Jewish spaces

October 14, 2011

Subject: CFP: “Jewish Spaces, Jewish Places,” Graduate Student Conference, Carleton University, February 2012

Call for Papers:
Second Annual Interdisciplinary Graduate Student Conference in Jewish Studies
Max and Tessie Zelikovitz Centre for Jewish Studies, Carleton University, Ottawa
February 9, 2012
Keynote Speaker: Michael Meng, Clemson University

The Zelikovitz Centre for Jewish Studies at Carleton University is proud to announce the second annual interdisciplinary graduate student conference in Jewish Studies, to be held on February 9, 2012.

We invite papers that address the theme of “Jewish Spaces, Jewish Places” from graduate students working on research projects in Jewish Studies in any field or discipline. The conference aims to explore the plurality and diversity of Jewish spaces and places, past and present, and we are particularly interested in papers that focus on the socio-cultural processes of how Jews construct space and/or mark place. Possible themes include:

-processes of making place and performing space
-space, place and identity
-gendered spaces
-diasporic spaces and spaces of migration
-negotiating Jewish and non-Jewish spaces
-spaces of remembrance and commemoration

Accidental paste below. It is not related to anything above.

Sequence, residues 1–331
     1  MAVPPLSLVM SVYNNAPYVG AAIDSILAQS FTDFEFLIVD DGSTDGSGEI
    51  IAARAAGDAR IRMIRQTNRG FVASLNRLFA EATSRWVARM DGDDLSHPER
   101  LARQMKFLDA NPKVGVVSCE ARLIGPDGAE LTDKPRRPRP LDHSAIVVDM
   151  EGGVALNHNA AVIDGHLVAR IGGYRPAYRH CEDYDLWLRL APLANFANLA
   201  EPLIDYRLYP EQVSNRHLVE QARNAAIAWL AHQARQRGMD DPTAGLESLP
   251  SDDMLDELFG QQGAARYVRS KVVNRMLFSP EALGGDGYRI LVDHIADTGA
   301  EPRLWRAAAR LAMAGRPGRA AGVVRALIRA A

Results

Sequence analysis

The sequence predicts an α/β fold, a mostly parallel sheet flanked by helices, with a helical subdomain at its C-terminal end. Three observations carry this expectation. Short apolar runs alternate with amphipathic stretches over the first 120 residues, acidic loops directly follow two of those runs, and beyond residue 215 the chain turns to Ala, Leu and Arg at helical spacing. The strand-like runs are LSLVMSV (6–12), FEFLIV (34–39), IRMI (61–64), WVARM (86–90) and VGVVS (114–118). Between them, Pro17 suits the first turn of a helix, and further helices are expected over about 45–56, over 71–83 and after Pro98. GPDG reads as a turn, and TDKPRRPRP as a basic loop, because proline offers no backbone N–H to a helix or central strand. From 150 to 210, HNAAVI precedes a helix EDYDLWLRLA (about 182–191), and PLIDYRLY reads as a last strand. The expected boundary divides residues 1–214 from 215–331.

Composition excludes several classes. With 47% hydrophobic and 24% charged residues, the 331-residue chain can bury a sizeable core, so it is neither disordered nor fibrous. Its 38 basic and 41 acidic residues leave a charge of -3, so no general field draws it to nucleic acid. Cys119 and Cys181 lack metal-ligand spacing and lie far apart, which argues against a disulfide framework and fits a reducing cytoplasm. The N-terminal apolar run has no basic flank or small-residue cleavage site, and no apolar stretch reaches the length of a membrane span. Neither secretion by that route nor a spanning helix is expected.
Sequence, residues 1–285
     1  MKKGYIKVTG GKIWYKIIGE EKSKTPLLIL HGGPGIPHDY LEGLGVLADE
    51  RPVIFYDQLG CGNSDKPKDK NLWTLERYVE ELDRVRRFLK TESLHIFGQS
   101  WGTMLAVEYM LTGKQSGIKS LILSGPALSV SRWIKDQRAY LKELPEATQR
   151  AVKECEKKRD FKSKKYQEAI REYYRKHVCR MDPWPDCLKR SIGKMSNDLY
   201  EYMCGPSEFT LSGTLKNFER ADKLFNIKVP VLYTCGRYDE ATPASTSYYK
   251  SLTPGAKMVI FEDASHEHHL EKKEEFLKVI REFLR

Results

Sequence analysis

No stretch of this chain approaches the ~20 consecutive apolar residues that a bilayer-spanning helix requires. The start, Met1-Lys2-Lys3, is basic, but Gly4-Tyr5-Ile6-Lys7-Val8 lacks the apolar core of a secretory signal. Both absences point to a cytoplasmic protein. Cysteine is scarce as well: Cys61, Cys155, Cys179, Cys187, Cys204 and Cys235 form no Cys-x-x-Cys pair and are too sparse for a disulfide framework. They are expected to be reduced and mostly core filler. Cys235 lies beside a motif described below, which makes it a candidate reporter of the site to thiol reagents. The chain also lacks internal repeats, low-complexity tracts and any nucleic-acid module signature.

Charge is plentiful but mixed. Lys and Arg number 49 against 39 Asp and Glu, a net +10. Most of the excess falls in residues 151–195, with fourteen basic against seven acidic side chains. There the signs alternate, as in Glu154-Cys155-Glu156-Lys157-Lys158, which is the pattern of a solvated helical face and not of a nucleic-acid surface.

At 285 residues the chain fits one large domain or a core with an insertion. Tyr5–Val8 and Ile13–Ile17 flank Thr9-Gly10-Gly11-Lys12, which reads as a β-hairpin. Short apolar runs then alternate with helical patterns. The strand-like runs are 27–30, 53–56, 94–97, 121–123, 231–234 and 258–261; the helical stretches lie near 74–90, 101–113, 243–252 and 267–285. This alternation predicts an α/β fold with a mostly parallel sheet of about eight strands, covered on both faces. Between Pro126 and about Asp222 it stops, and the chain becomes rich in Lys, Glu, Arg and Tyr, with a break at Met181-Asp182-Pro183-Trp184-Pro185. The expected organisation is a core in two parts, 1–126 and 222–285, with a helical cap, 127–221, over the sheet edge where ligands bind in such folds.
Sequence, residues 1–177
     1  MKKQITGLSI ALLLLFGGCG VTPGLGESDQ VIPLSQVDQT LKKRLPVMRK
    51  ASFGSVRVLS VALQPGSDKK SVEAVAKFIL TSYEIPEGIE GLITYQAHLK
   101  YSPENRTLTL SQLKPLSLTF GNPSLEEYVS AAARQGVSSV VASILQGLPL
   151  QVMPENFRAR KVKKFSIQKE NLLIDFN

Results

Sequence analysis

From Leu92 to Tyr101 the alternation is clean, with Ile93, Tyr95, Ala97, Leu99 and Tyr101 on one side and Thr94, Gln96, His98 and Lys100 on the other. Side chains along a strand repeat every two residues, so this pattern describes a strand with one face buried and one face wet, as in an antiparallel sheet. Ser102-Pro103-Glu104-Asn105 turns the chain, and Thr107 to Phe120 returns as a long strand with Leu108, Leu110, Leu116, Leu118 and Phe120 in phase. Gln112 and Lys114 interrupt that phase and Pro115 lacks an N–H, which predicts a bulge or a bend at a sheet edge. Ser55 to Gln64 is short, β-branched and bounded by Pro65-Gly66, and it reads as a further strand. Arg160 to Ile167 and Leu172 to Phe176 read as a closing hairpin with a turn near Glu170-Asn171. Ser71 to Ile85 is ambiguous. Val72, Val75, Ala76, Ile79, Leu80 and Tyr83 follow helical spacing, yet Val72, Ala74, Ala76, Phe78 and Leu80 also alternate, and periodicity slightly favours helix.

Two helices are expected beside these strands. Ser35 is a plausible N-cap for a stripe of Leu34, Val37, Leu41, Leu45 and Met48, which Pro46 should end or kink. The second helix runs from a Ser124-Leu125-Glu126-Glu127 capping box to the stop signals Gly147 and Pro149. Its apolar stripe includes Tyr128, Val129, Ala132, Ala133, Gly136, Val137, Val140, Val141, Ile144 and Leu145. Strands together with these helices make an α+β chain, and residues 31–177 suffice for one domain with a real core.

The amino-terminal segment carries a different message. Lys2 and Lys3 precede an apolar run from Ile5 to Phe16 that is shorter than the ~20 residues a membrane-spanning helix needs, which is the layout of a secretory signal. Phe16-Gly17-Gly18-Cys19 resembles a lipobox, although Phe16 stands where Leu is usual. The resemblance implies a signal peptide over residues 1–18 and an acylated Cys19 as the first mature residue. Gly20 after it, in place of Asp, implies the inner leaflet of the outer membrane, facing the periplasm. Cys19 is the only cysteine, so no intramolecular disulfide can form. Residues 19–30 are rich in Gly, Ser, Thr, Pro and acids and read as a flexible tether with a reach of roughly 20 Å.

-Holocaust sites in history and memory
-public spaces and private spaces
-secular spaces and religious spaces
-spaces of community

Dr. Michael Meng, Assistant Professor of History at Clemson University and author of Shattered Spaces: Encountering Jewish Ruins in Postwar Germany and Poland (Harvard University Press, forthcoming, Fall 2011), will present a keynote lecture. Professor Meng’s visit is co-sponsored by the Campus Outreach Lecture Program of the United States Holocaust Memorial Museum’s Center for Advanced Holocaust Studies.

This year’s conference will also coincide with a travelling exhibit “Names Instead of Numbers,” which will be hosted by the History Department with the support of the Zelikovitz Centre at Carleton during the month of February. The exhibit highlights the biographies of twenty-two prisoners of the former Dachau concentration camp, drawn from the Dachau Remembrance Book project. The Remembrance Book project is a collaboration of several non-profit organizations to document the biographies of former camp inmates. Students, adults and relatives of former prisoners participated in the project of reconstructing and commemorating prisoners’ life stories.

Papers should be 15-20 minutes long. Please send a 300-word abstract and a brief biography to: zelikovitz.centre. Please also indicate in your proposal if you will be requiring any audio-visual needs for your presentation.

Proposals are due November 10, 2011.